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Ten Chimneys

Cyrano’s Theatre Company


Ten Chimneys

by Jeffrey Hatcher


 Runs from May 4th - 27th

From the Aisle – by Robert Pond

Before Broadway became Disney-like movies on stage, there were the Lunts.  Actors Alfred Lunt and Lynn Fontanne were the King and Queen that contributed grace to Broadway from the 30’s through the late 50”s.  They were not the only husband and wife team on the legitimate stage; certainly there was Fredric March and Florence Eldridge, among others.  But the Lunts were, for a time, the royalty of the Broadway theatre.  The incredibly famous acting team were offered sinful sums of money to be in film but said, “We can be bought but we can’t be bored.”  They reigned on stage at a time when the presentational ‘over the top’ acting was ebbing and the emotional, sense memory, teachings of Stanislavski was reaching America in the 30’s through Strasberg and, eventually, with Uta Hagen’s and Herbert Berghof’s teachings.

Playwright Jeffrey Hatcher has penned, for the stage, “Ten Chimneys”, a fictional tale of the Lunts and friends at the Lunts’ Camp David in Wisconsin.  To paraphrase Carol Channing ,“… if you were invited to the Ten Chimneys, you must be doing something right.”

It’s an odd experience to view Ten Chimneys”, the play, with its multiple styles among the actors, setting, and choreography.  Uta Hagan, the acting teacher of the HB Studio and author of the textbook, “Respect for Acting”, forever warned her students to “not get caught acting”.  In tonight’s performance Ursula Gould doing her best work as Louise Sederholm and Tamar Shai, as the young Uta Hagan, gave us a naturalistic acting style.  Ms. Shai’s work as the younger Uta Hagan presented an ambitious but venerable actress before her conversion to the emotionally based ‘from within’ acting technique.  Most of the cast was being caught in what may have been cleverness from director David Edgcombe’s nod to the waning declamatory styles of the time.  It has to be said that Alfred Lunt did attempt a degree of realism in his work, but remained suspicious of it.   Aaron Wiseman is a gifted actor, but as Alfred Lunt he never commanded the stage. However, Elizabeth Ware as Lynn Fontanne demonstrated she was clearly comfortable as the theatre diva.  Wiseman and Ware seemed to be performing separately until coming together in the lovely moments toward the end of the play.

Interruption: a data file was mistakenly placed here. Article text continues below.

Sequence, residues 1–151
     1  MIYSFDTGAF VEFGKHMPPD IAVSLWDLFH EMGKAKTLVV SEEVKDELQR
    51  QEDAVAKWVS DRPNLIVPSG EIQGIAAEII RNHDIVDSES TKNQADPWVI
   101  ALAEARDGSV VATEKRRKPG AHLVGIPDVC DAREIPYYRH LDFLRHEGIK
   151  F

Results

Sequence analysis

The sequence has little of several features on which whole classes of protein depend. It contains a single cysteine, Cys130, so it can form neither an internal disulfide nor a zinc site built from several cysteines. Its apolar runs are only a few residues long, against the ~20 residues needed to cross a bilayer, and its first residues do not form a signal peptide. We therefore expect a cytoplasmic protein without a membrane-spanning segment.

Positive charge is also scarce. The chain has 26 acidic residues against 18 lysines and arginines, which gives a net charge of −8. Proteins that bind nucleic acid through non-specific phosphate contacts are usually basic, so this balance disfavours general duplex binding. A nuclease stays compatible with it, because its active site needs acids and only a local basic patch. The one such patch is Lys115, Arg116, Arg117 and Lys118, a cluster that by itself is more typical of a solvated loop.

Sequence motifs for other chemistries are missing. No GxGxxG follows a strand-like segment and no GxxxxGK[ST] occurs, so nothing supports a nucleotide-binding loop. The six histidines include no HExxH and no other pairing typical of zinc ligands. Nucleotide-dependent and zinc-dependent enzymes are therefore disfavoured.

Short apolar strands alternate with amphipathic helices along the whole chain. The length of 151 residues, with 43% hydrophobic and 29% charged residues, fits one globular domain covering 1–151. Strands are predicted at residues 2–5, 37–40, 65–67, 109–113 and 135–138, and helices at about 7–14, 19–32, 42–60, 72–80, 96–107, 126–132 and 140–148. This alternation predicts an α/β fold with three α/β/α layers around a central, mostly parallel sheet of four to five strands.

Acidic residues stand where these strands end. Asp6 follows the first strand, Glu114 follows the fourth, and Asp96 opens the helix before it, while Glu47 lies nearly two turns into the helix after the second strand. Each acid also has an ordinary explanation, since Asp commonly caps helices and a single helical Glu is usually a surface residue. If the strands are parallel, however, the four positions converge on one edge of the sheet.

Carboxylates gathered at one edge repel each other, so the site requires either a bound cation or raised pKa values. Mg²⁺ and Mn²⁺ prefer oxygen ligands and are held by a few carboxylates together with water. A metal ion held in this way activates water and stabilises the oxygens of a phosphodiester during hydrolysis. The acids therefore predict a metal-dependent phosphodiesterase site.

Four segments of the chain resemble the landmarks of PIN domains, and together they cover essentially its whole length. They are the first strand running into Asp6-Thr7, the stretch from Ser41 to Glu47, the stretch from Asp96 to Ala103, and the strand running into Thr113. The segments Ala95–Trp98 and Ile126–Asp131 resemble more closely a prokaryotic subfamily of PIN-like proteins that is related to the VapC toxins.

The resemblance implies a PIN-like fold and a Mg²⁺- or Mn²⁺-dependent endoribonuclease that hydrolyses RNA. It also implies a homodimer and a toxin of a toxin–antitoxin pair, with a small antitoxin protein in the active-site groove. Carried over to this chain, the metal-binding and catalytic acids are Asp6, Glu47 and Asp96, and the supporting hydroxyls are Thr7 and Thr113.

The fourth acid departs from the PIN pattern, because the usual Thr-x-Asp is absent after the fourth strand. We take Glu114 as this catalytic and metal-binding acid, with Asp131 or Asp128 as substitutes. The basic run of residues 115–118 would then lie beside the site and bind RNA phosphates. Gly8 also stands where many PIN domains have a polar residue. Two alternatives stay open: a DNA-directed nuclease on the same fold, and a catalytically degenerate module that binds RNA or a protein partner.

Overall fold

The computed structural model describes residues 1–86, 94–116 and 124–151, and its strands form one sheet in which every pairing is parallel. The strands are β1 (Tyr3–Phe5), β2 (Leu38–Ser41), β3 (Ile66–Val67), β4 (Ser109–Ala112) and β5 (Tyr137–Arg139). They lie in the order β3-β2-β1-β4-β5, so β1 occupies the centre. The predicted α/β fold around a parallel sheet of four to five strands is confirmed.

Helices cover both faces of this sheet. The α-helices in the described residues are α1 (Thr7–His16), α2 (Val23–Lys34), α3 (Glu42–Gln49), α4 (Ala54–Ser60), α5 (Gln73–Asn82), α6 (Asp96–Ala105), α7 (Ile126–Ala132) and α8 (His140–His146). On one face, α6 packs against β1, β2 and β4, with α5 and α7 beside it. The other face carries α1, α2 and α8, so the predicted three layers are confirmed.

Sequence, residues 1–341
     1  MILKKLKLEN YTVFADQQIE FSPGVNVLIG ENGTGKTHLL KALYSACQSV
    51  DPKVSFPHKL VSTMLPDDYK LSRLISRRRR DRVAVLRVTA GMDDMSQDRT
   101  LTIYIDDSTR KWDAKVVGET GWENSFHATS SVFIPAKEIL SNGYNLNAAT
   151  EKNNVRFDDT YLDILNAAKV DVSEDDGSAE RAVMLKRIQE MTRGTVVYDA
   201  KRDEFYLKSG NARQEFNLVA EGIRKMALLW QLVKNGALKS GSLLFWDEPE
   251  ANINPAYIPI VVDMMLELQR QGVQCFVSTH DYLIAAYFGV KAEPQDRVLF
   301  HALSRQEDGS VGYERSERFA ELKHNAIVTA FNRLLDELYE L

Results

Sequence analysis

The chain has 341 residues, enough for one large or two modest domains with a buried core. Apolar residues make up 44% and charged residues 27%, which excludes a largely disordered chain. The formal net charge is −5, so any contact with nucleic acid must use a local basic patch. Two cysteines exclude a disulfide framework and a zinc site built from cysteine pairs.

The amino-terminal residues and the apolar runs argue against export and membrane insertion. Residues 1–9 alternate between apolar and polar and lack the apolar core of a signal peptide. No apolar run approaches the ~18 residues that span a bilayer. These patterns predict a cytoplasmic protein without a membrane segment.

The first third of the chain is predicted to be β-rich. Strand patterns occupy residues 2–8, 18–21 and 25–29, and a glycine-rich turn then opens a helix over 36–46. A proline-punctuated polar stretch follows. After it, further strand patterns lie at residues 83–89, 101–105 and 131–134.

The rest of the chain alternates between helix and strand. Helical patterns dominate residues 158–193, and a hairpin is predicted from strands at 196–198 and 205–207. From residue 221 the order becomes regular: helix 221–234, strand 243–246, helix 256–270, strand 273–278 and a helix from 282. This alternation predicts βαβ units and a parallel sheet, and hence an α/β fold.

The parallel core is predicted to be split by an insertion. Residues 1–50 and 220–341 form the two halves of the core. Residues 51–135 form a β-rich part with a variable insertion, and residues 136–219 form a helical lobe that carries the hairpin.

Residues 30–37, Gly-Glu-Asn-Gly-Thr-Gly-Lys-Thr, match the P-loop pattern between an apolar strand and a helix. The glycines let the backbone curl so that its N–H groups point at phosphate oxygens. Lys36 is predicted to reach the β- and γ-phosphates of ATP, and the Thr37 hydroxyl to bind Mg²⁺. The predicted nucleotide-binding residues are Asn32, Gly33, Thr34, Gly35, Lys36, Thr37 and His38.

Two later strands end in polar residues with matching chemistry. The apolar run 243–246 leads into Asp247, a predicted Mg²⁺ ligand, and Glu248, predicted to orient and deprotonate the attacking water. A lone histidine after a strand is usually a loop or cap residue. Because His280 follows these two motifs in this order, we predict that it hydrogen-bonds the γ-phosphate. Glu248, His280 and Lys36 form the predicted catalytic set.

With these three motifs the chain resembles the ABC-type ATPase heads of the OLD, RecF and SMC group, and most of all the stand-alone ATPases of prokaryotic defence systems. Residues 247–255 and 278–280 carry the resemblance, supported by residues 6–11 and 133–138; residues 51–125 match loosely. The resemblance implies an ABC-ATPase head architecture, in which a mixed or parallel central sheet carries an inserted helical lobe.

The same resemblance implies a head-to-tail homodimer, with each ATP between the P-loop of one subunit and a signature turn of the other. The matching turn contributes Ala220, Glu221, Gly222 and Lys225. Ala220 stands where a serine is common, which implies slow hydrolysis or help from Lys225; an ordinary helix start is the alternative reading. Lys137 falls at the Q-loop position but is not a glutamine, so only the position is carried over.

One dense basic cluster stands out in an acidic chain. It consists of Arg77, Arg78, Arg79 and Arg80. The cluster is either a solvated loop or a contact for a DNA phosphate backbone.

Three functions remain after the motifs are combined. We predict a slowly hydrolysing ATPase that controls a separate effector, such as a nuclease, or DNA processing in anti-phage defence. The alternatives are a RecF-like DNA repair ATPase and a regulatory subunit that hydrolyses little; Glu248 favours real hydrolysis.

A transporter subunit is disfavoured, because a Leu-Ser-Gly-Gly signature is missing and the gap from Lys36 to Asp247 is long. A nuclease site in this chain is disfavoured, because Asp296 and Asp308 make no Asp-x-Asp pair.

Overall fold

Margret Hugi-Lewis is an exceptional painter-artist who, unlike so many of her peers, designs theatre settings.  Her work, all too often, is stand-alone art exhibits that happen most often to serve the play.  Her work in “Ten Chimneys”, like the acting, revealed the depth of her abilities; she succeeded in making the set – the house – one of the more important roles in the play.  Her design succeeds because it doesn’t overwhelm the play.  Except for a few labored scene changes, David Edgecombe moved the play along nicely giving what may have been a very clever and somewhat complicated directorial design.

As said, “Ten Chimneys” is fiction based on actual summer activities of the Lunts.  The play is very entertaining, but nonetheless encourages you to pay attention so you can keep the facts and games straight.  Though history here is bent a little, there is an enticing opportunity to see “Ten Chimneys” – a play that suggests: what if?



2 Responses leave one →
  1. May 11, 2012

    Thanks for a thoughtful and well written review.

  2. Margret Hugi-Lewis permalink
    May 12, 2012

    Thank you for mentioning the set and saying such nice things about it.It was a pleasure to make this set,wish I could live in it for a wile.Margret

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